The opinion of the court was delivered by: BRODERICK
In this action, the government charges all defendants with conspiracy to violate the federal narcotics laws. Various defendants are also charged with substantive narcotics violations. Trial is scheduled to begin July 9, 1979.
The government made a pre-trial motion seeking the disqualification of either Mr. Jerry Feldman or Mr. Lawrence Dubin, defense counsel for Mr. Claude Helton and Mr. Richard Helton, respectively, who are members of the same firm;
the government argued that the joint representation by the Feldman-Dubin firm of co-defendants in this case is impermissible because of potential conflicts of interest.
I instructed the government and defense counsel to submit briefs on the issue of joint representation. After receipt of the briefs, I held a hearing on May 31, 1979 with the government, defendants, and defense counsel. At the hearing, the government argued that by the very nature of the charges against the defendants, and the different nature and degree of their alleged involvement in the crimes charged, joint representation of the two defendants will entail conflict of interest. Defense counsel responded that the government's predictions of conflict are unfounded and designed to obstruct defendants' choice of counsel. Defense counsel represented that they had fully advised their clients of potential conflicts, and that their clients wish to proceed with them as counsel and waive any conflict claims.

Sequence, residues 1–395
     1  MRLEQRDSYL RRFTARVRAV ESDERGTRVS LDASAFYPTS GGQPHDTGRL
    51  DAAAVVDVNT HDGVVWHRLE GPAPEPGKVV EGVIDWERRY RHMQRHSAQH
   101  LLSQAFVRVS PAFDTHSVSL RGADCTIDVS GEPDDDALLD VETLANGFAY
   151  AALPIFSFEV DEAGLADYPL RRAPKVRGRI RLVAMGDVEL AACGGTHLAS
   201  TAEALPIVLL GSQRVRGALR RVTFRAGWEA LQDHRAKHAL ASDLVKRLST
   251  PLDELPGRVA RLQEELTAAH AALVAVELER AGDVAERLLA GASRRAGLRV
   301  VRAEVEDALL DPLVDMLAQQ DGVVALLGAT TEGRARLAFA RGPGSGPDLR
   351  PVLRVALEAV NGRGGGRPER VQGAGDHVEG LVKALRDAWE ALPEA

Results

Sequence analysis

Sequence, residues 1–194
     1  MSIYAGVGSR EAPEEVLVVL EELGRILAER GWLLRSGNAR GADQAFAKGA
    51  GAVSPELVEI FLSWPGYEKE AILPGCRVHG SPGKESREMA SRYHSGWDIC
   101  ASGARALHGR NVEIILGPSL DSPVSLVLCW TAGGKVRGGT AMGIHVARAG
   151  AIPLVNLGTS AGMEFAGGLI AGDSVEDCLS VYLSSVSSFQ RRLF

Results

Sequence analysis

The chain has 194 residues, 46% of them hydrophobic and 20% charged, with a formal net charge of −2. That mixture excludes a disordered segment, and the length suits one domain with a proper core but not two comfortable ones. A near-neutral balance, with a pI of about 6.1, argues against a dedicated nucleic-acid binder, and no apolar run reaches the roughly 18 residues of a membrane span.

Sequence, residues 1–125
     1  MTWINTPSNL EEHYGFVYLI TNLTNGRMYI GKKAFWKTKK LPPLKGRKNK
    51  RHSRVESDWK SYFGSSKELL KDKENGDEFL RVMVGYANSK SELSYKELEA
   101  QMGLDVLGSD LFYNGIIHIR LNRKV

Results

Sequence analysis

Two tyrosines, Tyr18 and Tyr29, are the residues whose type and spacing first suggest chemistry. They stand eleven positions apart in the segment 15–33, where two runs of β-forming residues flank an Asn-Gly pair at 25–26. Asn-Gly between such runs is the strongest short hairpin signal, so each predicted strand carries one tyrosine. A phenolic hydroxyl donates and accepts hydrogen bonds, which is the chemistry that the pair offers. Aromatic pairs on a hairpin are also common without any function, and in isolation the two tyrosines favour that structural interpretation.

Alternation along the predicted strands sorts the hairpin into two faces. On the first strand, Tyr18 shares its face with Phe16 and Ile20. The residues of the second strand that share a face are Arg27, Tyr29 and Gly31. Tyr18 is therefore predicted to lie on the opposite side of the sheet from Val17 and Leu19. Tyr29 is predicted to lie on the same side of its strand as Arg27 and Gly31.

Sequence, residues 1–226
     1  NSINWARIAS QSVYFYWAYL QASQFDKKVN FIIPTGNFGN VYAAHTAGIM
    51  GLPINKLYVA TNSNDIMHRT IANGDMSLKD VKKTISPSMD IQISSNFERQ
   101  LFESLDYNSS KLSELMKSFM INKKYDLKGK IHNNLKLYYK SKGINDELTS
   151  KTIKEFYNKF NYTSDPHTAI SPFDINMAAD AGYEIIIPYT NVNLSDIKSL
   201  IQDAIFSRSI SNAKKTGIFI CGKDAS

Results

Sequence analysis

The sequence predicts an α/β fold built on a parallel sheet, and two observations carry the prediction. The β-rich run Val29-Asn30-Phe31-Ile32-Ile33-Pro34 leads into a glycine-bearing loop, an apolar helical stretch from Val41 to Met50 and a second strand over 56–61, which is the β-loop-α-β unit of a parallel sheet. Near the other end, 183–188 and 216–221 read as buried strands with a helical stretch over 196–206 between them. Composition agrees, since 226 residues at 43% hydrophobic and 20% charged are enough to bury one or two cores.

Claude Helton is charged in six counts of the indictment, with conspiracy to violate the federal narcotics laws, with engagement in a continuing criminal enterprise, and with four counts of distributing and possessing with intent to distribute narcotics. He is characterized in the indictment as the ringleader of the conspiracy.
Richard Helton is charged with conspiracy to violate the federal narcotics laws, and with one count of distributing and possessing with intent to distribute narcotics. Richard Helton is described in the indictment as one of Claude Helton's "lieutenants". Claude and Richard Helton are named together in one of the alleged overt acts of the conspiracy, and in an apparently related substantive count.
Richard Helton is likely to have defenses or defense tactics available to him which are inconsistent with or may undermine defense postures taken by Claude Helton, and vice versa.
The Government represented that the defendants, who are brothers, have very different backgrounds. Claude Helton has previously been convicted of a felony whereas Richard Helton apparently has no convictions. The Government plans to file a second offender information with respect to Claude Helton.
On the basis of the above, I found that it was impossible for Claude and Richard Helton to make a knowing and effective and intelligent waiver of their right to effective assistance of counsel. To insure their Sixth Amendment right to effective assistance of counsel, I directed that Claude Helton and Richard Helton be represented by attorneys who are independent of each other.
Analytically, there are three possible approaches to a conflict of interest stemming from joint representation. One is the approach which I have taken in this case.
Another approach is the invocation of a Per se rule against joint representation of co-defendants in any criminal trial. Although defendants, at the May 31 hearing, sought to characterize my ruling as a Per se rule, that ruling was made in the context of this case and does not operate as or under any Per se rule.
A third approach is that suggested by defendants, who urged that certain opinions of the Court of Appeals in this Circuit divest the trial court of power to prohibit joint representation of defendants in criminal cases where the defendants, after being advised of the danger of actual and potential conflicts of interests, choose to proceed with ...